This is the film which inspired me to start blogging this project. Cimarron is technically impressive, packed with visual subtleties, and it helped to define an incredibly popular genre of talkies, the Western. Yet the film is fraught with problems, notably the touchy racial depictions and the jerky story-telling. It’s a tough film for a young man to work out.
Cimarron is an epic, a kind of prototype Gone With The Wind perhaps, which details the life of a pioneering entreprenuer, Yancy Cravat, and his family. I have come to understand ‘epic’ as a style intimately linked to the plays of Bertolt Brecht. An epic is a story which uses a long narrative, often focussed on the toils of one central character, to make a point about the nature of humanity. By the time we reach the end of an epic, the story’s purpose has a much greater impact because we’ve spent such a long time in this person’s life. The idea behind ‘the epic’ is pretty basic, but it’s a fundamental foundation in a lot of Hollywood films.
Cimarron must perform this function well because upon reaching its conclusion, relaxing in my living room in New Zealand in the 21st Century, I’m given a sense of nostalgia for a time and era that I have nothing to do with. It’s a great feeling, the sense that you’ve built a business, a family, and even a city with Yancey Cravat. But there are problems with how we’ve arrived here. Despite gaining a Best Actor nomination, the guy playing Yancey would do better on an airport runway the way he flails his arms around and yells. He’s not acting. It’s no wonder Stanislavsky had such an illustrious career teaching in the States – the idea of an inner truth seems lost on actors such as Richard Dix. And about three quarters of the way through the film, when Yancey returns from fighting Indians, the film grinds to a halt in the courtroom scenes. I don’t believe my problem watching these scenes are a result of an MTV- (or perhaps YouTube-) generation attention span. I think that the story-telling in these scenes, from the dialogue and editing to the characterisation, is quite poorly executed.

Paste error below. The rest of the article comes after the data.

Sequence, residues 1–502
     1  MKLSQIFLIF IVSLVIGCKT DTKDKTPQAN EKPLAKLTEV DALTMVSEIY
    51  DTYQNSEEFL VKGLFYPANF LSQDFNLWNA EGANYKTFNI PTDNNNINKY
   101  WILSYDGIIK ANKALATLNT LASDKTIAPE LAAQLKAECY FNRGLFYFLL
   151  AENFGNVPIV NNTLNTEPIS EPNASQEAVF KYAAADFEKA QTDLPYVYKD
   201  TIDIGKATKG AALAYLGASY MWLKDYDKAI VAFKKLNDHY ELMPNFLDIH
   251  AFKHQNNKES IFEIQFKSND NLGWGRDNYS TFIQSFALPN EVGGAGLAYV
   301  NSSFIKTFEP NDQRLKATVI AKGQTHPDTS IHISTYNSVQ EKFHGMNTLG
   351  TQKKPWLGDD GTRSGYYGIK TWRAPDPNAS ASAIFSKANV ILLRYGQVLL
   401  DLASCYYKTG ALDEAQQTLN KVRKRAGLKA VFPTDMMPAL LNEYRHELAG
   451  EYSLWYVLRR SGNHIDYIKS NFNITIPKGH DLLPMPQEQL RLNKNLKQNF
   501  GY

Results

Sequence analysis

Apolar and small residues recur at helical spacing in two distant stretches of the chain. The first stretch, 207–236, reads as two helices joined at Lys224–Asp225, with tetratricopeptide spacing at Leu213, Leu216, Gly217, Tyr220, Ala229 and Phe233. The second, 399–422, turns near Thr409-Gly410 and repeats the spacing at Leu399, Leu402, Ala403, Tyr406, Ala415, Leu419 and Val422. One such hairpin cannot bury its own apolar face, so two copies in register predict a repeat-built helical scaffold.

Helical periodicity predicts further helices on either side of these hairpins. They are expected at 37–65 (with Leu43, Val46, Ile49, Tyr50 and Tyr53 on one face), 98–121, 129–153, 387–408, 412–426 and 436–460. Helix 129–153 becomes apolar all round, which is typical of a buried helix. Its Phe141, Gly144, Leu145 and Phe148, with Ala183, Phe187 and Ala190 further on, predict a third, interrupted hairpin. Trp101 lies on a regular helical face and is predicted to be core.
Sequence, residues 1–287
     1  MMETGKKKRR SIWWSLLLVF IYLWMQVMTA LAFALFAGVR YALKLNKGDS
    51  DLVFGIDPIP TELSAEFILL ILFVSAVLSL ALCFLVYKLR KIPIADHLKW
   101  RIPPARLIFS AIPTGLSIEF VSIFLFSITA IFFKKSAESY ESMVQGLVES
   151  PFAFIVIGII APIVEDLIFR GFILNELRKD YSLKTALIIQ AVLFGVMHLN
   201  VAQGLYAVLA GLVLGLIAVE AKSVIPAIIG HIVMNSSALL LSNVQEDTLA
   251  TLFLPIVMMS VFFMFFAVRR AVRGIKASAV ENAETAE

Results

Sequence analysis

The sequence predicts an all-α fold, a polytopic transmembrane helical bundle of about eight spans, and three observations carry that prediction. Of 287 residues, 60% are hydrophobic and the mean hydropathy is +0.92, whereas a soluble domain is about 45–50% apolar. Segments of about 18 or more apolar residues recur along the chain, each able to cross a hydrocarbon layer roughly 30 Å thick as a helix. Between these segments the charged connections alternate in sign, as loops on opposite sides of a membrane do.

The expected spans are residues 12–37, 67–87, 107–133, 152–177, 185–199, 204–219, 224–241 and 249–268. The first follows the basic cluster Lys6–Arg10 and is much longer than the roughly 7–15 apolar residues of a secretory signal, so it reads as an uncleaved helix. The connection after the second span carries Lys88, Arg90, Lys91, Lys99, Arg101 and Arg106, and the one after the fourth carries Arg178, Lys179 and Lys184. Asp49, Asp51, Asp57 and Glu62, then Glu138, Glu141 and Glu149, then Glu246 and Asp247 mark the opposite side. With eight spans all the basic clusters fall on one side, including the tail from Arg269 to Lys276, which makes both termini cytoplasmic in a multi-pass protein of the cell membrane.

And another massive issue; no matter which way you look at it, Cimarron is fraught with problematic racial depictions. I find I can enjoy this movie only if I pretend that there isn’t anything racist about a white businessman telling his black servant to eat his watermelons. Watching this movie with a Sherpa and a Tahitian felt too awkward too many times for this white dude.
Yet there are moments when, in keeping with the film’s rather noble assertion that it takes all of us to build a family, a city and a nation, these characters of different backgrounds are embraced, and quite beautifully. ‘If you know anything at all…’ says Yancey, ‘…you’d know that a Cherokee Indian is too smart to put anything in the contribution box of a race that’s robbed him of his birthright.’ And in the final part of the film, Yancey’s grandson goes on to marry an Indian girl, symbolising, I take it, that all the people of America are one big family. This is a touching and progressive theme to include. The problem is that these racial depictions are so uneven that I just can’t work out where the film stands and if it means what it says or if it says it quite by accident.
Here’s the deal; not every film can be a masterpiece. Nor can every year have a masterpiece, for that matter. While it may be flawed, it is these very problems which make this film such a fascinating watch. Seeing Cimarron is a look into a time when filmmakers were still working out how to execute a lavish historical epic. Cimarron doesn’t quite get there, but hey, someone had to be the first one to give it a try.